Rebalancing is the most helpful when it is most difficult.
Portfolio design and rebalancing is both a science and an art. Understanding the science (see our previous article) is akin to understanding the physics of why a spinning ball hooks and bends. The art is the execution of the science, such as when you are actually playing soccer or golf.
It is the execution and follow-through that produces the desired outcome.
Knowing that rebalancing boosts returns is useless unless you as the investor have the time, discipline and nerve to follow through and actually strike the ball.
Rebalancing is the most helpful when it is most difficult. The exercise involves selling the investments that have appreciated and buying the assets that have recently gone down. People are biased to believe that recent occurrences will continue. When it comes to the markets, this instinct must be overcome.
This is one area where an investment advisor can add value. Even an advisor who does nothing other than help you set an asset allocation and then rebalance once a year might boost your returns by 1.6 percentage points over a buy and hold strategy. This rebalancing also lowers the volatility of your portfolio. Together, these bonuses help increase the likelihood that you will reach your retirement goals.
Yes, you could do this yourself, but many investors don’t. A few investors buy and hold investments while an even greater number chase returns, moving in the exact wrong direction. Even an advisor who only keeps you from chasing past performance might significantly boost your returns.
If you choose to rebalance yourself, you can accomplish this most easily by automating your rebalancing. Automatic rebalancing is most common in 401(k) accounts. If your account offers the feature, take advantage of it. If you must choose specific months or days to rebalance, we suggest May 1 and Oct. 1.
The important thing is to make sure your portfolio is regularly rebalanced. If the only available rebalancing method is manual, the danger is that you will emotionally pick the point to rebalance which will be the exact wrong time. Instead, you should pick times of the year blindly and then stick with it.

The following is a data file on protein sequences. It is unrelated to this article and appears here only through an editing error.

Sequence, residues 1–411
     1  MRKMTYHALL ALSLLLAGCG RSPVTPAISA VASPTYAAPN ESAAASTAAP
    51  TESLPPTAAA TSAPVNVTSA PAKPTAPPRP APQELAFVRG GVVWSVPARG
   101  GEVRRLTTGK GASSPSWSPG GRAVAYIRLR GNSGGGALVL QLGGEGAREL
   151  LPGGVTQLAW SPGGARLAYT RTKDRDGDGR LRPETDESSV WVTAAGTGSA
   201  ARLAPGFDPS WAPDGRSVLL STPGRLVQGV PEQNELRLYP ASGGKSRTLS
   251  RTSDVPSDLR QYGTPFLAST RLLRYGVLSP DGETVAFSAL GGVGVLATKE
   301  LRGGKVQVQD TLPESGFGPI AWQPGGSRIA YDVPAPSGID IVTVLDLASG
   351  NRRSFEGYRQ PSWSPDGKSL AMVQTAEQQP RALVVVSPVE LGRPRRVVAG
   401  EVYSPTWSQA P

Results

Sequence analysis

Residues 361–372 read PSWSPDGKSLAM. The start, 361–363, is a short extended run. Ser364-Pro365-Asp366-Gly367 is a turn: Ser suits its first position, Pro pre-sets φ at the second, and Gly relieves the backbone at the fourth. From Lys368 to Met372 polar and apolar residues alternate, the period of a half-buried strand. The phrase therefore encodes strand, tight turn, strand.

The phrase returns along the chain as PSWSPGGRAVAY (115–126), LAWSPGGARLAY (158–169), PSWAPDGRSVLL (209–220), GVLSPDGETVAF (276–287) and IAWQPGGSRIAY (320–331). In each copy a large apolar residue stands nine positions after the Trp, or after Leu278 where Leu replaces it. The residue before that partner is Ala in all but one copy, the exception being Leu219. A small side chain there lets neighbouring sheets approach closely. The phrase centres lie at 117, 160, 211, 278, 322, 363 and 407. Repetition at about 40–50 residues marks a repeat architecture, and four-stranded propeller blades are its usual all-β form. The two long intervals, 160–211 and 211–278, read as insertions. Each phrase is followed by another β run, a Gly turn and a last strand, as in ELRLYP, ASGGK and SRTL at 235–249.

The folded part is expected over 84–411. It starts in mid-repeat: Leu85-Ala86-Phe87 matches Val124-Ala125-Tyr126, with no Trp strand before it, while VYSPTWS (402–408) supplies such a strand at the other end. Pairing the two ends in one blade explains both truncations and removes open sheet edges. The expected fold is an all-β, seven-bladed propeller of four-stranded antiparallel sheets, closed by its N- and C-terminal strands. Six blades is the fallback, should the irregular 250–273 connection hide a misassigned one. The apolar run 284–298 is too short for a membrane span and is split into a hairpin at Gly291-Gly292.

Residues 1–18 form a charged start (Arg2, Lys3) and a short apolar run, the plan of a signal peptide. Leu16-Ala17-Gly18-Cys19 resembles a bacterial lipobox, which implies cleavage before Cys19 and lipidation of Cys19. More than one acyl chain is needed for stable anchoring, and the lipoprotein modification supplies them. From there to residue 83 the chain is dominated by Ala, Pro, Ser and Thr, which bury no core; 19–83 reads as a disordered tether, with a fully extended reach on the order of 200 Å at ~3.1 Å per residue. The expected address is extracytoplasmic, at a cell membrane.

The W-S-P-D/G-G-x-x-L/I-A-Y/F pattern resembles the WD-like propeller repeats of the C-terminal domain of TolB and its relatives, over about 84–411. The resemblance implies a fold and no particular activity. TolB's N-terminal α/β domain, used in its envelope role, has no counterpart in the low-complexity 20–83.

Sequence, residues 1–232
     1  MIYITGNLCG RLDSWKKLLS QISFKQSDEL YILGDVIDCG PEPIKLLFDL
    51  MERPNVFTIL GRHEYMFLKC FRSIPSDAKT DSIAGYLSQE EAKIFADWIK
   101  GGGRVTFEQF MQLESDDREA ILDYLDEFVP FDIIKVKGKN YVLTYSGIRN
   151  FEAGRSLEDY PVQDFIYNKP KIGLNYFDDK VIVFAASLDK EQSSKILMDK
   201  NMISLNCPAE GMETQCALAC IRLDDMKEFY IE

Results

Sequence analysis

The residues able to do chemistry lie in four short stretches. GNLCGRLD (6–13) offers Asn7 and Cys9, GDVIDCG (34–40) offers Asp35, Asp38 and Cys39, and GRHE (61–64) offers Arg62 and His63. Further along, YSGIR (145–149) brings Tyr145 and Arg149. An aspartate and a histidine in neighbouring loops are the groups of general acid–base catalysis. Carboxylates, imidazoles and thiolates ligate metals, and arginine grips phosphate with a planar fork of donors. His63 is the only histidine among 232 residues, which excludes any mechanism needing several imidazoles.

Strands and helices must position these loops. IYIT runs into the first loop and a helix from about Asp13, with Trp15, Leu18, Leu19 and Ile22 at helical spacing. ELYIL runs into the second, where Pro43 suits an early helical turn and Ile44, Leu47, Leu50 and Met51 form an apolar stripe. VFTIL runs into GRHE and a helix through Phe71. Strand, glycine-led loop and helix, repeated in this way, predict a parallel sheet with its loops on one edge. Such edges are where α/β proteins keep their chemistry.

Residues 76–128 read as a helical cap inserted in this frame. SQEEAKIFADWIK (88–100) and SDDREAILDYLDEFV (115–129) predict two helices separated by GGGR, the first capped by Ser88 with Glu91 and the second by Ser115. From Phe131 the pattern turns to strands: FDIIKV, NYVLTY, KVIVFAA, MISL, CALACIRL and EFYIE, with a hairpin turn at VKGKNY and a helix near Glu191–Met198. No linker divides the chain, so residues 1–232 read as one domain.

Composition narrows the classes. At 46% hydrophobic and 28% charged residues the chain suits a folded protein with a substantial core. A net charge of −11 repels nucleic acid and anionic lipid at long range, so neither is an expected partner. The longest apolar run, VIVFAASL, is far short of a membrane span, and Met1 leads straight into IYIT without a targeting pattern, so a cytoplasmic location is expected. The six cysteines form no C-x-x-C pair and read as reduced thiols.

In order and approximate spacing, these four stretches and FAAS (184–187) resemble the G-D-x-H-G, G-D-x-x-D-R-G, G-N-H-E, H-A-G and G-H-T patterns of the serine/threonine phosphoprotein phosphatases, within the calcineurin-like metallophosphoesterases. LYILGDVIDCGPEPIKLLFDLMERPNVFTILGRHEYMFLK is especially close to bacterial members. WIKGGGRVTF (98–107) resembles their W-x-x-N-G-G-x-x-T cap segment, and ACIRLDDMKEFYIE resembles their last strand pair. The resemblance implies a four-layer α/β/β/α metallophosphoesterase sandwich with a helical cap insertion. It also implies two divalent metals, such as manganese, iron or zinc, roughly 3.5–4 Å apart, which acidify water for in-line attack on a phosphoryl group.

That said, receiving the rebalancing bonus requires that investors have an asset allocation plan in the first place. Most do not.
Your asset allocation definition matters. Rebalancing works best with non-correlated asset categories, like emerging market stocks and U.S. stocks. If you define your asset classes incorrectly, rebalancing between them may not help.
You should not define your asset class as one industry of the economy. One industry could lose value indefinitely as another industry rises to take its place. Rebalancing into a failing industry only brings your returns down with it.
Meanwhile, you dodge this problem with broader asset class definitions. Technology, basic materials, and manufacturing are good, broad definitions while VHS rentals, diamonds and buggy whips are too narrowly defined and may fail you.
It is even better to have two levels of asset class definitions: asset classes, like U.S. stocks and resource stocks, which are non-correlated categories – and then sub-categories, like technology, basic materials and manufacturing, which although they have some correlation are not highly correlated.
Lastly, some sectors such as gold or small cap growth are not on the efficient frontier, which identifies portfolios that achieve the highest return and the lowest volatility. Including them in your asset allocation is simply the wrong move. Rebalancing to a poorly designed asset allocation often means moving money from categories that are on or near the efficient frontier into inefficient investments, hurting returns.
There is a great deal to be said about the method of rebalancing. Keeping transaction costs and capital gains taxes low when rebalancing also helps boost the return.
Funds with high expense ratios put a drag on returns. Even an index fund drops off the efficient frontier when the expense ratio becomes excessive. Rebalancing into bad funds also hurts your returns.
While the science and art of setting an asset allocation and regularly rebalancing back to it is not an easy discipline, it can boost returns by as much as 1.6 point over a buy and hold strategy, and even more over buying and chasing returns.
There is an art to rebalancing, but it is better to rebalance poorly than not at all.
David John Marotta, CFP, AIF, is president of Marotta Wealth Management Inc. of Charlottesville, Va., providing fee-only financial planning and wealth management at www.emarotta.com and blogging at www.marottaonmoney.com. Both the author and clients he represents often invest in investments mentioned in these articles. Megan Russell is the firm’s system analyst. She is responsible for researching problems and challenges, and finding efficient solutions for them.
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